- Pour in shallow 12×18 pan. Cool.
- Melt 1 ½ cups chocolate chips. Spread ½ over candy.
- Sprinkle with ¾ cup chopped walnuts or almonds.
- Cool. Flip over and do other side.
OK, that looks simple enough, right? (Wrong!) Let me explain the various lies inherent in this recipe:
Lie #1: You can’t make almond roca when it rains – it won’t set up.
With the recipe above, this is absolutely true. I grew up watching the weather around Thanksgiving like a farmer (even though I lived in L.A.). My mom would say, “Jennifer, take a walk and let me know if we can make roca today.” We’d check the Weather Channel too, just to make sure an unexpected gale wasn’t on the way.
Apparently when it rains, candy-making changes (unless you have a candy thermometer). Now do YOU see a candy thermometer in that recipe? Thasss right, you don’t! I had to figure this all out myself one particularly rainy season.
Lie #2: Just use 1 lb of butter – any butter will do.
*rude buzzer noise*
This “any butter” notion is deadly to almond roca. My mom always used Parkay stick margarine so I did too. Then a few years ago, my area of Southern California stopped carrying it in the grocery stores so I tried Land O’ Lakes butter instead. Then I tried another kind…and another…
In all I tried FIVE different kinds of butter. Epic fails for every batch of roca I attempted. I started swapping out margarine…SEVEN different brands of margarine, to be exact. Not a one of them worked.
Apparently my mother made it with Parkay because you can ONLY make it with Parkay. Not that she told me that. (See? They omit from these recipes…)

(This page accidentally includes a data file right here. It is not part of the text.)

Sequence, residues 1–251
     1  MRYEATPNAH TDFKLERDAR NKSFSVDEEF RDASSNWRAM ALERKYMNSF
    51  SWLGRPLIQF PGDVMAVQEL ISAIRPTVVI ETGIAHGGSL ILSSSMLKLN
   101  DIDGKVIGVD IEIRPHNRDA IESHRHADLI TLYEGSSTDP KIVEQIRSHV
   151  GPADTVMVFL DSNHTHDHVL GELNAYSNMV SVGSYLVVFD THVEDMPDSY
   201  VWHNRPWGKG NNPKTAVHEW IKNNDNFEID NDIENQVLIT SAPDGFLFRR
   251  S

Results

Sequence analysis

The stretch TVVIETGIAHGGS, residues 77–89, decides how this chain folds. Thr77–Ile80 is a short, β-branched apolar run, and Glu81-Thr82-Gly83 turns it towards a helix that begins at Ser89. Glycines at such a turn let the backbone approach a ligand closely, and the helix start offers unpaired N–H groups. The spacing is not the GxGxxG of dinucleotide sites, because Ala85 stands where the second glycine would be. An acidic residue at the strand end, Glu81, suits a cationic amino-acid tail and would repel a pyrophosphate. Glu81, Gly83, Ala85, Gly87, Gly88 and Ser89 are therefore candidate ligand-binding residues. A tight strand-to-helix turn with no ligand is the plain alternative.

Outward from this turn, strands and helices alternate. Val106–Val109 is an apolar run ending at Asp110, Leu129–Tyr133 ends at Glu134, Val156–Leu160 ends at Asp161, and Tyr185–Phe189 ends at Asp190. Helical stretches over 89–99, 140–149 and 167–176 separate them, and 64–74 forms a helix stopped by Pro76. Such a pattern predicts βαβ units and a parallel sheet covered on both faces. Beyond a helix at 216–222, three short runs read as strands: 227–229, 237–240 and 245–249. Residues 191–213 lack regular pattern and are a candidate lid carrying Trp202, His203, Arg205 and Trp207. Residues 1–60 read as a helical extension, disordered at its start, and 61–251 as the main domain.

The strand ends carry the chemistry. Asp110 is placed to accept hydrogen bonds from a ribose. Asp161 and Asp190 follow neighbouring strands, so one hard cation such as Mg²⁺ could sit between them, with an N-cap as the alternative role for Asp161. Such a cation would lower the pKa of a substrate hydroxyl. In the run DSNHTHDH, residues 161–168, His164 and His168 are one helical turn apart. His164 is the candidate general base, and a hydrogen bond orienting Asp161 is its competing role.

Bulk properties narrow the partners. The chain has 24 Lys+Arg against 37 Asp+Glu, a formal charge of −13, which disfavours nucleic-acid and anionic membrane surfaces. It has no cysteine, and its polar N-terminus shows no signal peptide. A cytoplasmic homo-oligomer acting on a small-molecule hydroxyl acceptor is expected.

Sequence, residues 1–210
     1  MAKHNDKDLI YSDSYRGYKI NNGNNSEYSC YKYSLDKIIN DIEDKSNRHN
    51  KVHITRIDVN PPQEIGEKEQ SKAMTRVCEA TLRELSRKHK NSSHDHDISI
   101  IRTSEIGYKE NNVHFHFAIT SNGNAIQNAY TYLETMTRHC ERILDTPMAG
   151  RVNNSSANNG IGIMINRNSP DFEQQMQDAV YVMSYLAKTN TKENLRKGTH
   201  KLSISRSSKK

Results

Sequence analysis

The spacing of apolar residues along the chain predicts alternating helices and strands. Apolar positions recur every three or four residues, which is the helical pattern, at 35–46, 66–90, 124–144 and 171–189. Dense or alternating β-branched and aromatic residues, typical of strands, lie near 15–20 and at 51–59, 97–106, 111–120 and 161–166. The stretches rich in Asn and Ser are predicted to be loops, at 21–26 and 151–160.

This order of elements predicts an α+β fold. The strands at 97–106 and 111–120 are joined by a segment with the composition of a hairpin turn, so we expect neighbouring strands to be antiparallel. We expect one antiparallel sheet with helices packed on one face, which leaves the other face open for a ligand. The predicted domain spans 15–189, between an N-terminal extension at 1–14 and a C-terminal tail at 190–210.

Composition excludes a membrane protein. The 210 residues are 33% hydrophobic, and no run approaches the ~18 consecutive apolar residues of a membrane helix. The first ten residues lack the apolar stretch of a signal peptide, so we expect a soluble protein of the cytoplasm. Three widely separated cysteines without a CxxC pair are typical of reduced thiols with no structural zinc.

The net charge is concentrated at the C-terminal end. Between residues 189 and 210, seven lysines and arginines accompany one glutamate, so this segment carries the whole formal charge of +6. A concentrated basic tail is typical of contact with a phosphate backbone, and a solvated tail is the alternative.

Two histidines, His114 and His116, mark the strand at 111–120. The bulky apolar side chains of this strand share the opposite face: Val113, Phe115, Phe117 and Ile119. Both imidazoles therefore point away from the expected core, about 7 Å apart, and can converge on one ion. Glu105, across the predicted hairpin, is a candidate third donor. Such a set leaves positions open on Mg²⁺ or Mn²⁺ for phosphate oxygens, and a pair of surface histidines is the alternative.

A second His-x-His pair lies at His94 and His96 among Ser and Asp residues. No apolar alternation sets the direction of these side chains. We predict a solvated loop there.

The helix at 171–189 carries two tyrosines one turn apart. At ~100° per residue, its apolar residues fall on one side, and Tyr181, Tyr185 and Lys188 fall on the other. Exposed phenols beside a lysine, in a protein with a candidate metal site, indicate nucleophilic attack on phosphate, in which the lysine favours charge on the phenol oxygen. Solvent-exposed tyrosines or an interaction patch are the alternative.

I called my relatives in Missouri and told them there would be no almond roca until they sent me Parkay, which means they all went out and bought me like 5 pounds. (I’ve got TWENTY pounds of Parkay in my freezer now.)
Lie #3: Follow the recipe EXACTLY!
There’s code words in this recipe. Seriously. For example: Cook & stir over highest heat until mixture foams vigorously. That last word is definitely meant to separate the wheat from the chaff in terms of the family bakers.
Let me show you the difference between “foams” and “foams vigorously.”
There is certainly a difference in feel but you’d have to have made it a gajillion times like me to know.
Just so you can’t say I never told you any secrets… In that
stupid recipe up top, here’s the secret code:
“Foams vigorously” = “soft crack” on your new trusty candy thermometer
“When the first almond pops” = “hard crack” on your new trusty thermometer
If you are armed with these secrets, you can make this candy when it rains and you don’t have to go on nuclear lockdown to ensure that you’ll hear “the pop” as you make your roca. I kid you not, we’d make people turn off the TV and any radios while we made roca just to be sure we heard those almonds. If someone really couldn’t shut their piehole, they were sent outside with the dogs.
You still need to have a cast iron pan, and you’d better use Parkay so you don’t cry, but if you print out this blog, you should have everything you need to make my Almond Roca. I am virtually passing you the pan.
Note: Just in case of bad candy-making juju in your kitchen, stock LOTS of alcoholic beverages…if your candy-making goes badly, you won’t care if you’ve been sipping as you go along.
Do you have these kinds of “old family recipes?” You know, from before the candy thermometer or from the 4’2″ great-grandma who used two handfuls of this and “a dollop” of that? Do you bake during the holidays or have friends and cherished family members who do? Enquiring minds love to know these things here at More Cowbell!